Alongside these forms of treatment, there are numerous support groups for alcoholism, including programs like Alcoholics Anonymous (AA). Groups like AA meet regularly, and anyone can attend. Participants share their stories, support one another in their struggles, and celebrate their successes together. In many cases, members will have a sponsor that they can meet with individually and work closely with. A sponsor is often someone who has achieved sobriety for themselves and works to help those newer in recovery manage the challenges many people inevitably face. Support groups are utilized throughout treatment and are a vital form of aftercare to help people continue maintaining their sobriety after treatment has been completed.

Managing Sobriety

Maintaining your sobriety is a life-long commitment and it is a journey you must take day-by-day. There is no set approach that works for everyone making it important to find what methods work most effectively for you. Alcoholism can often be rooted to other areas of your life making it important to address more than just the addiction itself. Uncovering the underlying causes and triggers for alcohol abuse can help you develop the tools necessary to maintain sobriety and avoid relapse.

In order to accomplish your goals, it is important to create a plan and stick to it. Some ways you can help yourself include:

  • Do not keep alcohol in the home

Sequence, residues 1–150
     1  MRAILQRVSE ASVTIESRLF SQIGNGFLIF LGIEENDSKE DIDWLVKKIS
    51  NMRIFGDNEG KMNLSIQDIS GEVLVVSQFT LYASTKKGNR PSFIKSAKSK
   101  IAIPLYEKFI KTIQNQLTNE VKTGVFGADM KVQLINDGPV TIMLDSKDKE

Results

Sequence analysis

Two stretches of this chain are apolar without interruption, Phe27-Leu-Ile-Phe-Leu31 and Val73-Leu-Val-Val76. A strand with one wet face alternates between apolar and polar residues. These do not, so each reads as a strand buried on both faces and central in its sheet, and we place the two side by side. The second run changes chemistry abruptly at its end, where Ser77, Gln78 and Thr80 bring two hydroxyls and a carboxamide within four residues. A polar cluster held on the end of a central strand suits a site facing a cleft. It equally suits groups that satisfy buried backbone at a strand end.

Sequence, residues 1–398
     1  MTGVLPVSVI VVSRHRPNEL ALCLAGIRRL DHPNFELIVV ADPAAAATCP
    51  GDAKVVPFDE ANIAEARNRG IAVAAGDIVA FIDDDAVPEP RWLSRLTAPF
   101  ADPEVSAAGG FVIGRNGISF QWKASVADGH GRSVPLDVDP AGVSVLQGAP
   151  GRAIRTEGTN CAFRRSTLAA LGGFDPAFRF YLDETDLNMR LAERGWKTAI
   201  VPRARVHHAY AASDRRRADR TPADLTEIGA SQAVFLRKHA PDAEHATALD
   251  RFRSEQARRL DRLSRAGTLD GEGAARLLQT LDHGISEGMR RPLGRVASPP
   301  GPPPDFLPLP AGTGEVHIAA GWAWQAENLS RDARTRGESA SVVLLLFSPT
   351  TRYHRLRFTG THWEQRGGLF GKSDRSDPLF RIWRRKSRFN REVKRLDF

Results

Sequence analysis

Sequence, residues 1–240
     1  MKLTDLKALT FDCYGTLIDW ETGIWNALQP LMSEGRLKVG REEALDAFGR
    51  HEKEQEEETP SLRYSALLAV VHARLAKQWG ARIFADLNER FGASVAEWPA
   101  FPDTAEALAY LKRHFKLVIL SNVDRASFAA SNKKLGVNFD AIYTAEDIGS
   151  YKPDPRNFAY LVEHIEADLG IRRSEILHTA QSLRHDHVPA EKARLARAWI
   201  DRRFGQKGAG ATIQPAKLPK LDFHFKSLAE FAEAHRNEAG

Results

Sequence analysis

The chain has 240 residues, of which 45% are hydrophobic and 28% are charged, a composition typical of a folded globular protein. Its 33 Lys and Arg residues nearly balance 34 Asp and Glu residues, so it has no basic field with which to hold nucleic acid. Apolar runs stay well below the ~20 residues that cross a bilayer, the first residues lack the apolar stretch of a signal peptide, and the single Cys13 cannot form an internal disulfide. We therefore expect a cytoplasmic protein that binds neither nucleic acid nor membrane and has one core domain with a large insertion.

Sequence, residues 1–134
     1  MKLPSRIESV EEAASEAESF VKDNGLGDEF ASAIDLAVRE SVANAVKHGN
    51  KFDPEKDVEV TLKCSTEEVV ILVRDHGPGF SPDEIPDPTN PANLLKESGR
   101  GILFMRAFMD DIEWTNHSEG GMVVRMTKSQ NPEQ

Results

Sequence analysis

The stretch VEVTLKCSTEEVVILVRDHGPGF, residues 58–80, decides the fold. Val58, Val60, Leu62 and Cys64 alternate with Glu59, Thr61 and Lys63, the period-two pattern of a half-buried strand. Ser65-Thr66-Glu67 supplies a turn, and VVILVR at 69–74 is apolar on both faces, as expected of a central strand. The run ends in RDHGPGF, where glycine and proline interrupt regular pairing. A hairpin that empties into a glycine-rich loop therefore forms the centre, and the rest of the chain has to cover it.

• Avoid enablers and environments that can tempt you to drink
  • Be transparent about your goals
  • Communicate your need for support from loved ones
  • Reflect on what has and has not worked in the past

You can also help strengthen your recovery by using the following methods:

  • Invest in caring for your physical and mental health: Getting enough sleep, eating healthy, and regular exercise can help you combat cravings and boost your mood.
  • Connect with sober support groups: Staying engaged in support groups can surround you with positive sober influences and help you continue developing your sobriety.
  • Explore new interests: Finding new hobbies and activities you enjoy can reduce the temptation to drink and help you develop your sense of self-worth and a feeling of fulfillment.
  • Develop healthy coping mechanisms: Stress is inevitable. Finding healthy ways to deal with it can reduce the temptation to drink. Going for a walk, meditating, writing, or listening to music are all ways you can ease your mind.
  • Plan for triggers: Alcohol is abundantly available, and you may not be able to completely avoid being around it. Planning for situations where you might be tempted to drink can help you confidently navigate difficult experiences.

Set realistic goals for yourself and be sure to celebrate your successes. Achieving milestones can be a great motivator in recovery and create space for you to reflect on your journey. While it can be easy to get lost in the stresses and challenges of everyday life, taking time to acknowledge your progress can help keep you on track. Sobriety gives you the opportunity to create a new identity for yourself.

If you or someone you know is struggling with substance abuse or addiction, we are here to help. Give us a call at 310.403.1032 or send us a message below and one of our admissions counselors will do their best to get you the help you need.